Reading Time: 3 minutes

I have been reading about smart home recently and my colleague Ivan informed me about KNX standard so I have spent some time to learn about this interesting open system. Generally, smart home/building market is expected to be worth $29.8 billion by 2021. Largest vertical sectors are luxury villas, offices and hotels. The KNX protocol/standard has a significant market share in Europe and in China. In Germany the KNX penetration is 56%, in the UK it’s 27% and 32% for the France. Other parts of the market are mostly taken by proprietary protocols based upon ZigBee, Z-Wave, WiFi and Bluetooth. For me it is quite clear that in order to do integrate, control and manage different elements of smart home/smart building system it is advisable to use open and not proprietery protocols.

On of the drawback of typical KNX wired solution was its limitation to new-built installations but this was overcome in 2010. by the introduction of KNX RF (wireless) which enable KNX to gain a significant market share in the wireless protocols. The good thing about KNX RF is it’s backward compatibility with KNX wired products. More about all this can be read here. This is the link to the web-site of KNX association.

It is obvious that these days more and more people want a comfortable, sustainable and safe place to live and work and that’s where automation jumps. Automation can only be achieved by intelligent control and monitoring of all parts of the system. These parts can vary from lighting, shutters, security systems, energy management, heating, ventilation, air-conditioning systems to signaling and monitoring systems, interfaces to service and building control systems, remote control, audio and video control. All these can be monitored and controlled via an uniform system and KNX is a framework upon to base such system.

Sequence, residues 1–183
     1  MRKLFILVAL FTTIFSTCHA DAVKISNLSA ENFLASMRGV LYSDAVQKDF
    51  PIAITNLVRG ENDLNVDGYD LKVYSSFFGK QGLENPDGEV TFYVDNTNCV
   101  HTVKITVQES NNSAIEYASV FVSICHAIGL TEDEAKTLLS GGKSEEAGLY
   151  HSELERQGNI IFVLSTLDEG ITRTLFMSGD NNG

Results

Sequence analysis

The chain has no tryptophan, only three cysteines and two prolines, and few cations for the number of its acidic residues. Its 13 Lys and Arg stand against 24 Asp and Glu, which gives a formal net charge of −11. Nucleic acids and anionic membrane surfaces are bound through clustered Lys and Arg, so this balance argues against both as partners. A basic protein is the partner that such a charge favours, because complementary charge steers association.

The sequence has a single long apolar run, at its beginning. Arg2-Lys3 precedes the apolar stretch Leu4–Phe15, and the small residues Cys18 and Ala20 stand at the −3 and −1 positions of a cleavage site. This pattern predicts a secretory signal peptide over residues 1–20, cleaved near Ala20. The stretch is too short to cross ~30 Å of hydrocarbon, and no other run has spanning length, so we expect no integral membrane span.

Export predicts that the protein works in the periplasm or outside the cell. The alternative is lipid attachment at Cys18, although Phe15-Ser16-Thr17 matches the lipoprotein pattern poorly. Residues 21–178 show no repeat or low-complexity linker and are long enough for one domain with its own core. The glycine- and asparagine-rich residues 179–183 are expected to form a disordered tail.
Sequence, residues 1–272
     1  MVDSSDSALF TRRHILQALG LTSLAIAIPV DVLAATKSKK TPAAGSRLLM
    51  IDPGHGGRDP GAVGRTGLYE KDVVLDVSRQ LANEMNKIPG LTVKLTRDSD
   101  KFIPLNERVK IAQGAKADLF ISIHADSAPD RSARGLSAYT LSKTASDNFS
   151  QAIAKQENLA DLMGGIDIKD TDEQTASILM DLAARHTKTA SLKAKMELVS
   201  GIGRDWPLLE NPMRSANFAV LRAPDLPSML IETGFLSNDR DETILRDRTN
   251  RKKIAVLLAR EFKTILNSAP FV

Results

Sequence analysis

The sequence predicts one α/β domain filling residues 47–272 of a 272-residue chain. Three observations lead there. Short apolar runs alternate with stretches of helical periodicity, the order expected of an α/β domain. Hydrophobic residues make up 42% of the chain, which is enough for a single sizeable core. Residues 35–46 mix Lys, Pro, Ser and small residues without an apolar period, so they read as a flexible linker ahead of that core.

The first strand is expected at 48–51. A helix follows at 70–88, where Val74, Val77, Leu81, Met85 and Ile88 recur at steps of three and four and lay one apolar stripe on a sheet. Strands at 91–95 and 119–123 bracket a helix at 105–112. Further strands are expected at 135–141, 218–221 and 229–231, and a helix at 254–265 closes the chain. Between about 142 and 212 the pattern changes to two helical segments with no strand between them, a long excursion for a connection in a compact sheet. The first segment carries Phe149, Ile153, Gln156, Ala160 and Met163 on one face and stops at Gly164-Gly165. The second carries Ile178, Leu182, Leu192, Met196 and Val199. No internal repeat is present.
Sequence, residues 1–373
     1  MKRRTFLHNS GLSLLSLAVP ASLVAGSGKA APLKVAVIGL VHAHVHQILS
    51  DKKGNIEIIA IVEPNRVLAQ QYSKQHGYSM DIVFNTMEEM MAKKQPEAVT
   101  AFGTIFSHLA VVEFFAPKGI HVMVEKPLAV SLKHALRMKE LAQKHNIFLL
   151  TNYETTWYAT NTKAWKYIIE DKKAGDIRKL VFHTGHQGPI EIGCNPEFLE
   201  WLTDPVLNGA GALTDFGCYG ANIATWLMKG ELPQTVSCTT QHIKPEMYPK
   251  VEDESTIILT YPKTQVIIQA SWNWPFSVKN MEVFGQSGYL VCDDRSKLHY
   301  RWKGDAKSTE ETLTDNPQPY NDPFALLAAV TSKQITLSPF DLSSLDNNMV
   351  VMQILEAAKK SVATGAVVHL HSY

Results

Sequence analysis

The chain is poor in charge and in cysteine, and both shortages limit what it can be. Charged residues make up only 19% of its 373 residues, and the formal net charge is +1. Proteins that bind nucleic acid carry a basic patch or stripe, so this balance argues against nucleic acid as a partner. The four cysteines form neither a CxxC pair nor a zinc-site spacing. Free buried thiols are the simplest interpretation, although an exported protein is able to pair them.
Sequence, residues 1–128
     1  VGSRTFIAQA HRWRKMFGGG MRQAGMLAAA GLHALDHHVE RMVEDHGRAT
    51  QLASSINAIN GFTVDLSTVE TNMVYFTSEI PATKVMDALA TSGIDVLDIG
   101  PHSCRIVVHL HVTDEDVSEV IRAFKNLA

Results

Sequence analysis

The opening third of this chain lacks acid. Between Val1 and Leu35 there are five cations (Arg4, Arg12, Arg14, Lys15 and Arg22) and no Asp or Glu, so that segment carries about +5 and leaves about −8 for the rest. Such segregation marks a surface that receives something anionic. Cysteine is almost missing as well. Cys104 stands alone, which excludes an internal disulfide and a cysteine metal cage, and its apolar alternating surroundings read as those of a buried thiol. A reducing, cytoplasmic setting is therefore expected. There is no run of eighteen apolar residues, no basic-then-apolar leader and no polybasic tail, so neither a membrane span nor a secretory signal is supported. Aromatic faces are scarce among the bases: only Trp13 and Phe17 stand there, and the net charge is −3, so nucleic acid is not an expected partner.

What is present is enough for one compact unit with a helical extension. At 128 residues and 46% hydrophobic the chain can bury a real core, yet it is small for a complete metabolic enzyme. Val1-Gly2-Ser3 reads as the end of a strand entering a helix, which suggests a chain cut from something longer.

With KNX you can control and monitor: blinds, lighting, HVAC (heating, ventilation & air-conditioning), Security, Door communication and Visualization. More information about each of these application can be read on this link. IT is also good to note that KNX is used for different types of buildings: Office buildings, Residential buildings, Hotels, Schools and Universities, Hospitals, Stadiums and other sport facilities, Airports and Industrial buildings.

With home or building automation there are always risks involved about attacks on networks from which hackers can gain unathorized access to building/home management systems. So security is a big deal both for smart home and for IoT in general. To me KNX seems quite secure system since it uses 128 bit AES encryption, all IP datagrams are encrypted and also authentication is used. More about security here.

To finalize, a good thing with KNX is it’s big community which is nicely depicted below:

I have managed to find two training centers in Croatia and also quite a lot of KNX basic course partners. I hope that my writing don’t look like a sponsored article since I really don’t have any interest in promoting KNX solutions, however from what I have read so far about KNX, it seems like a good framework if you would like to start with smart home projects.

 

 

 

 

 

 

[easy-social-share]

NEWS: Smart home security – some useful tips for starting

Since I am looking into smart home more recently I have found and interesting getting started article about Home security system considerations here. One of the first things is to define the concerns:  biggest worries, must-have security features, connectivity types (WiFi, Bluetooth, etc.), how large is the home, professional monitoring or not, the budget, how often do I […]

March 20 1 Minutes to read

App control to your home’s circuit breakers by Leviton

When I have read this article my first thought was….hey I would like to have this in my home :). Leviton has managed to make a smart load breaker box with added WiFi/Ethernet hub that will let you manage each of your circuit breakers from your phone. Some of the benefits of the technology are: […]

March 10 1 Minutes to read

Is the smart home is broken?

According to this article the answer would be…not far from it! due to the fact that the smart home of today can’t provide the integrated and contextualized experience that homeowners expect from a “smart” system. Althouh competition is good since it increases choice, it leads to a fragmented market and a worse user experience. To combat this […]

January 31 1 Minutes to read

Scroll Up